Welcome to the site,
I understand the horror of finding out your son has these issues. Our son had Epilepsy, which involved a lot of medication and eventually two brain surgeries. There is nothing fun about watching your kids go through something like this.
Initially, your best source of info might be the local DR. Take excellent notes: each of you should take a journal with you to every appointment. Write all of your questions down prior to the Appointment as you think of them. Make sure each of you have a copy of all of the questions. As you ask them, jot notes down of the answers. If the DR steps out, immediately start comparing notes to insure you each heard the same thing. If not, ask for clarification. Right after each appt, find a quiet spot and compare notes again.
Keep a copy of any test results you are given in your "book". If you don't get a copy of the report, ASK for one. As you are referred to specialists, you'd be amazed how often your medical records are at hand easily for future DRs to review. We've had Drs take what we had in OUR book, run a copy, to put in their records rather than trying to chase down the official one that is lost somewhere in medical never never land.
In a journal, log the date, Dr name, address, and phone of each appt. Keep a log of medications prescribed and any complications you notice. Same with things like MRIs, CT scans, etc. Right now, you can remember that you had an appt last week. In six months, you won't, but your journal will contain the right info. Almost all scans are digital now, so getting a copy of the disk is cheap, if not free. (With wife's AVM, occasionally, we sometimes paid about $100 to get a copy of the X Ray-like scans to carry with us.)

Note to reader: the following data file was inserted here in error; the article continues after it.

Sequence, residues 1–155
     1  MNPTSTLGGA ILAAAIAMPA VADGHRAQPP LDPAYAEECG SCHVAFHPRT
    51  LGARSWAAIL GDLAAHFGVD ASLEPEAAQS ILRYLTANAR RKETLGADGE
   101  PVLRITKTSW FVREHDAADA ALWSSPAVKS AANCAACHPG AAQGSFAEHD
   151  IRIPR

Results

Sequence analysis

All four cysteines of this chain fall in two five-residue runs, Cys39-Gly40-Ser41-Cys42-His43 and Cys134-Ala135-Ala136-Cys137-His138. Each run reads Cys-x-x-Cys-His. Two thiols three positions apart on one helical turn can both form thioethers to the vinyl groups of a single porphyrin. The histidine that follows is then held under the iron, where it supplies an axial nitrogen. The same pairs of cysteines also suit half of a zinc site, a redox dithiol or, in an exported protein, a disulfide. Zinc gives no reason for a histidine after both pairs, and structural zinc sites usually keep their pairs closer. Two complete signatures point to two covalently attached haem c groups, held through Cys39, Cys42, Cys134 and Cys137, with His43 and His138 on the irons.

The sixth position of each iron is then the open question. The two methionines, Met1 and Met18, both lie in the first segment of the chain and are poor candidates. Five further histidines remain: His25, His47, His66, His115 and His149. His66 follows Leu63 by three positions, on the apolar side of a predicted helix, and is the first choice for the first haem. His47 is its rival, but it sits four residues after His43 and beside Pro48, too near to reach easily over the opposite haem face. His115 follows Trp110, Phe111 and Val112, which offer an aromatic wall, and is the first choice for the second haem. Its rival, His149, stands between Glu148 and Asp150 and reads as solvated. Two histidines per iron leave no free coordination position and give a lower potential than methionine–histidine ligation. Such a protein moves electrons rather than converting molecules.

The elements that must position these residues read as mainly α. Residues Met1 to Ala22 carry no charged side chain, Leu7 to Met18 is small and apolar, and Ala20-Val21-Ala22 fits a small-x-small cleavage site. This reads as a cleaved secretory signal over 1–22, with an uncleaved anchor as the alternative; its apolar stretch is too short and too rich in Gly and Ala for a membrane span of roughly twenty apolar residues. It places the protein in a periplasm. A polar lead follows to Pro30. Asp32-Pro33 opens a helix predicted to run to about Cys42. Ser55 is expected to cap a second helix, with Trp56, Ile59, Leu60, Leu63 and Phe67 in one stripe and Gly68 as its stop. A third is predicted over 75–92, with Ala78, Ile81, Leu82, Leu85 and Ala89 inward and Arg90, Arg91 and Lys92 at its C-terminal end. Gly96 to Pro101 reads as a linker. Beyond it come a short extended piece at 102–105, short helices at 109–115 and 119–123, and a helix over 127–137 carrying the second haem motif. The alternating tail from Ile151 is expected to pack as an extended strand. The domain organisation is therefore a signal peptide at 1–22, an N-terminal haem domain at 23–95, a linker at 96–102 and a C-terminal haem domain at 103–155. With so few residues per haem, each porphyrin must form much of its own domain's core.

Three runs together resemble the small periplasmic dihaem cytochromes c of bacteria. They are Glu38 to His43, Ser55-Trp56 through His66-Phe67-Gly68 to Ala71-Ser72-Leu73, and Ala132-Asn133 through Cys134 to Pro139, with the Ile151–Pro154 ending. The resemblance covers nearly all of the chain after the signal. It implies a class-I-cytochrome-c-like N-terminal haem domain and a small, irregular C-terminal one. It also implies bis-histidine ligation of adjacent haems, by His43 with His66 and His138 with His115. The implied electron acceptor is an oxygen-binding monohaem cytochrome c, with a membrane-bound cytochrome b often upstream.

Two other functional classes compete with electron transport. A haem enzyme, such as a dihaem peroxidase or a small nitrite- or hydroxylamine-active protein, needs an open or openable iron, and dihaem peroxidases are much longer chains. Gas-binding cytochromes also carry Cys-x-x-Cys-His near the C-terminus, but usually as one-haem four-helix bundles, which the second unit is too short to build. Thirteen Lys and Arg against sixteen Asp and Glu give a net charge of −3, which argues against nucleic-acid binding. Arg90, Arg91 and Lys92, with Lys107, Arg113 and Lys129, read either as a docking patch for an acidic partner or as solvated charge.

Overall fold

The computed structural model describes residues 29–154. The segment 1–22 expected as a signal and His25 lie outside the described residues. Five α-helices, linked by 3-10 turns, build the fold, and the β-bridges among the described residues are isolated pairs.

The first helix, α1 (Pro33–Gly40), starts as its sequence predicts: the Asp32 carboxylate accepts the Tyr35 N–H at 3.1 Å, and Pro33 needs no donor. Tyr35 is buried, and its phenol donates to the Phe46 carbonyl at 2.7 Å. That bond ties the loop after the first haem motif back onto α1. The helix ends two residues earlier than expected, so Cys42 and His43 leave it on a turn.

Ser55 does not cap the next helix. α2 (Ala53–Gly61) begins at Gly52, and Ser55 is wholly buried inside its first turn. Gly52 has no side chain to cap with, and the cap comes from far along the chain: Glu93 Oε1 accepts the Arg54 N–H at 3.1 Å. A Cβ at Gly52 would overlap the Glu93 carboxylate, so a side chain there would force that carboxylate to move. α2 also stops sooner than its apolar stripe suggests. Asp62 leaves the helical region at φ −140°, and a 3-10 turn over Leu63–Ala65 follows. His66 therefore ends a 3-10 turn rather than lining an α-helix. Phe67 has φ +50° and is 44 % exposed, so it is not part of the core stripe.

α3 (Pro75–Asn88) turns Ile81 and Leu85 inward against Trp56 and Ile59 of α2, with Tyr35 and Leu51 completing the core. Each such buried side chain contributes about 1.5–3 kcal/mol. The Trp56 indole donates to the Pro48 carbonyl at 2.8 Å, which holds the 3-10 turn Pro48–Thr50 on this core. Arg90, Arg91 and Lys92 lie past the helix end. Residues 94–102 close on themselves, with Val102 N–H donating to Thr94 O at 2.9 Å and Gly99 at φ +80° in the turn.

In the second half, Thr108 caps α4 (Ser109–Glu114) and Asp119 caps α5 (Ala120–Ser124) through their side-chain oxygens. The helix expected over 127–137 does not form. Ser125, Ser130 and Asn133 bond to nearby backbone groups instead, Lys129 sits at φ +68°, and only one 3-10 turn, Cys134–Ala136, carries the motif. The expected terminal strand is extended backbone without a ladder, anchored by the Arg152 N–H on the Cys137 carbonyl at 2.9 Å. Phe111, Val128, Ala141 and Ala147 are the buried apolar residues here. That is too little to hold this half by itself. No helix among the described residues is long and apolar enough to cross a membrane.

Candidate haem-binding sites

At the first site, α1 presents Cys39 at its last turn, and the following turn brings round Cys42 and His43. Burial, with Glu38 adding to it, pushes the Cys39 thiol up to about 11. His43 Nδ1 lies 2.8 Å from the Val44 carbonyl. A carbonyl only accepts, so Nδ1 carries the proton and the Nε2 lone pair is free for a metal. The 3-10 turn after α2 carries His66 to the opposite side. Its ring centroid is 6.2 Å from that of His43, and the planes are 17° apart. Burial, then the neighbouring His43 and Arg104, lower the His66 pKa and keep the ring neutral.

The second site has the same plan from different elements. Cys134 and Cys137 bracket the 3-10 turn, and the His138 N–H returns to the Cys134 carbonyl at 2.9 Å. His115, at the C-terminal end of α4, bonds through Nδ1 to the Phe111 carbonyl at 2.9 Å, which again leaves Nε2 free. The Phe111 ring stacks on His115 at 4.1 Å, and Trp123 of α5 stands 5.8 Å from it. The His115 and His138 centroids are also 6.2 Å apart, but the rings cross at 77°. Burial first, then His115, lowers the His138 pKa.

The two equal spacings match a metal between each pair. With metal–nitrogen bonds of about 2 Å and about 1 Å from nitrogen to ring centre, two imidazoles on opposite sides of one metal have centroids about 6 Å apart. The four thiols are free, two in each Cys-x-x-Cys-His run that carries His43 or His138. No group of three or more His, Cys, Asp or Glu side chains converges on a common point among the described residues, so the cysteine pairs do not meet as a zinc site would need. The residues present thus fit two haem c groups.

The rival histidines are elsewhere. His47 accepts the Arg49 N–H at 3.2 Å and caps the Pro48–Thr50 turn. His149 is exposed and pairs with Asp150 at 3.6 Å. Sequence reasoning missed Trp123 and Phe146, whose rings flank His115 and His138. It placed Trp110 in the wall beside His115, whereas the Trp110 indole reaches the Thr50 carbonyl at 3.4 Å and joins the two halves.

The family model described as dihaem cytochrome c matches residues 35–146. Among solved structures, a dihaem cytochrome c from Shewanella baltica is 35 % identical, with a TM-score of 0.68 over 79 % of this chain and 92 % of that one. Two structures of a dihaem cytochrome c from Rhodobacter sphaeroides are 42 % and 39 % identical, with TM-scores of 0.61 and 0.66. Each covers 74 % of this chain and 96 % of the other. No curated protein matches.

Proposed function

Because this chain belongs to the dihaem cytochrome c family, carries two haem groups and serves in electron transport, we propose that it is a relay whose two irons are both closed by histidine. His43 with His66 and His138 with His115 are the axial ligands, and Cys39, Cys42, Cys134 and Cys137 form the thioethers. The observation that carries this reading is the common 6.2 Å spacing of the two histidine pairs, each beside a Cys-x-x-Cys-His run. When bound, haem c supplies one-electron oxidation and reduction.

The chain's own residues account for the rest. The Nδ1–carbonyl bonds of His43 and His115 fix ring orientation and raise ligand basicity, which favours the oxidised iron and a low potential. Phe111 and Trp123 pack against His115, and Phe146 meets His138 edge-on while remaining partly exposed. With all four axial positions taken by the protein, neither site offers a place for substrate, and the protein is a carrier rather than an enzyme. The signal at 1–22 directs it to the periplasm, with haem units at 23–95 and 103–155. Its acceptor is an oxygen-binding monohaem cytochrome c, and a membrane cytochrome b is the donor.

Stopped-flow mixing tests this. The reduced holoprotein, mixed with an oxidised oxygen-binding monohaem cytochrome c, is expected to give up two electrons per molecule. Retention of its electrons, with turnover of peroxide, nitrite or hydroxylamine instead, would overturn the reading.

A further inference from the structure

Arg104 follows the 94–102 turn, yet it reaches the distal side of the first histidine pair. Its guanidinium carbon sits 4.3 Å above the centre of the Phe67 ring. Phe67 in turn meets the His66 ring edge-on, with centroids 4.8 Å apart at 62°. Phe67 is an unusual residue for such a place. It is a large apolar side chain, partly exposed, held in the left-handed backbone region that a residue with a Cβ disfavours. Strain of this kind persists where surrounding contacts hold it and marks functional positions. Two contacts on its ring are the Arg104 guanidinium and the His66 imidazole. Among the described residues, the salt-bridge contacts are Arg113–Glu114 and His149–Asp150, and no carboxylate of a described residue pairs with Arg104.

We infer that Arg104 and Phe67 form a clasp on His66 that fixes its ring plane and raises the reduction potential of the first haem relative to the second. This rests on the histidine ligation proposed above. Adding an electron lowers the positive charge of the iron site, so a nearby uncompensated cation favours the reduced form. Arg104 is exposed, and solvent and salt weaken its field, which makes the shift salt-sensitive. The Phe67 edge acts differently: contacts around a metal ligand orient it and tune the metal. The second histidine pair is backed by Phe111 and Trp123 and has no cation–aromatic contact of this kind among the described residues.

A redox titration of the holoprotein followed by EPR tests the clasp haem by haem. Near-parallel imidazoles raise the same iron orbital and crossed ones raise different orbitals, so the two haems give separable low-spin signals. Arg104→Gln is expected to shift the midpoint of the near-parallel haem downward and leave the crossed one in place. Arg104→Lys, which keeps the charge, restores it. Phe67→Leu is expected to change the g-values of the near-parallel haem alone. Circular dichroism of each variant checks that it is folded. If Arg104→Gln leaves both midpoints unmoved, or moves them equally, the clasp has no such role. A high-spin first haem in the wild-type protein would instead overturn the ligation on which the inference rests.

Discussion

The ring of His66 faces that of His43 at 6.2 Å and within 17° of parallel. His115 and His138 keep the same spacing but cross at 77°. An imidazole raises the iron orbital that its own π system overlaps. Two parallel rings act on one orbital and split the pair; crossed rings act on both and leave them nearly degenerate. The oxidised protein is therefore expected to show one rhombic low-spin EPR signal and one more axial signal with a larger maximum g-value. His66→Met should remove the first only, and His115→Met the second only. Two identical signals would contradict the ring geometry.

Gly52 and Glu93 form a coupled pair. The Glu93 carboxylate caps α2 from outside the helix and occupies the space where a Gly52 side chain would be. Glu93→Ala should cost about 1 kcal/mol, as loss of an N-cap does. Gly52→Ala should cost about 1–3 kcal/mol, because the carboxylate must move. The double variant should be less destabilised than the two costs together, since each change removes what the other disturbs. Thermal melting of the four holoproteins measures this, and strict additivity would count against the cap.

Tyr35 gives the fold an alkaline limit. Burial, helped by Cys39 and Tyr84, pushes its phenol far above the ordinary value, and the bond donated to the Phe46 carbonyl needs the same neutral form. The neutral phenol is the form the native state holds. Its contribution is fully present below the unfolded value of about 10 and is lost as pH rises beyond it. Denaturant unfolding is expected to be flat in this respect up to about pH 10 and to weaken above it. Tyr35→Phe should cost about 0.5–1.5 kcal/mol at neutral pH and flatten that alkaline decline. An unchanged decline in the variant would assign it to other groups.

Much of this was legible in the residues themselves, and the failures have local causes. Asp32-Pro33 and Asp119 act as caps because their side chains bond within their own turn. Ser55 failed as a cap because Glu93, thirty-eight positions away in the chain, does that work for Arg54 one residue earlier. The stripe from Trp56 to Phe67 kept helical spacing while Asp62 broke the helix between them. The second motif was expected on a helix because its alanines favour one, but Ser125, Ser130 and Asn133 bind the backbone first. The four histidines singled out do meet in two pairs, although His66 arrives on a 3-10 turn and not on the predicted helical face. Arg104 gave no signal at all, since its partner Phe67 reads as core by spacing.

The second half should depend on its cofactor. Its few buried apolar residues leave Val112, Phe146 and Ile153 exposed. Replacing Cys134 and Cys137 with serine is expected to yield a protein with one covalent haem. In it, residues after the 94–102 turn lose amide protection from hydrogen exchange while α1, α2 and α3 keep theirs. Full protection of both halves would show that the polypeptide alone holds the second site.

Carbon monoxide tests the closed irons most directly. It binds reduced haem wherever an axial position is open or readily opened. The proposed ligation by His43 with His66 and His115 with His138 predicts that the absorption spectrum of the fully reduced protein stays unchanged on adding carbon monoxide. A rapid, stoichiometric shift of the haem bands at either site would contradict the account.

Since your son might have both a malformation AND cancer, right off the bat you will be dealing with two specialists. Up front, make sure they will work with each other. We phrased it like "we want you on OUR team, but it will involve close coordination with Dr X." Usually it worked fine. When you get to specialists, they sometime have egos that rival their salary!
We've had more than one doctor see our books, us taking notes, having copies of reports right at hand, comment to us how refreshing it was to see patients this organized! Things like with all our questions written down, we could ask them quickly. Not like we'd sit and ponder, wasting the DR's time.
Both with my wife's AVM, which was treated on the west coast, and my son's epilepsy, which was treated in St Paul, when seeking a local neuro, we explained in appointment #1 that the specialist in west coast and St Paul were the lead dog and would be calling the shots. We wanted our local guy in the loop, he would get a copy of any correspondence or medical report. And we welcomed his input to our specialists. Any testing that needed to be done, and could be done locally, our specialists worked it through our local neuro. Worked pretty well, mostly.
While most if not all the medical folks you run into will care greatly about your son, YOU TWO have the most interest in seeing this work out well, so don't be afraid to be a part of his treatment team.
Best wishes to you,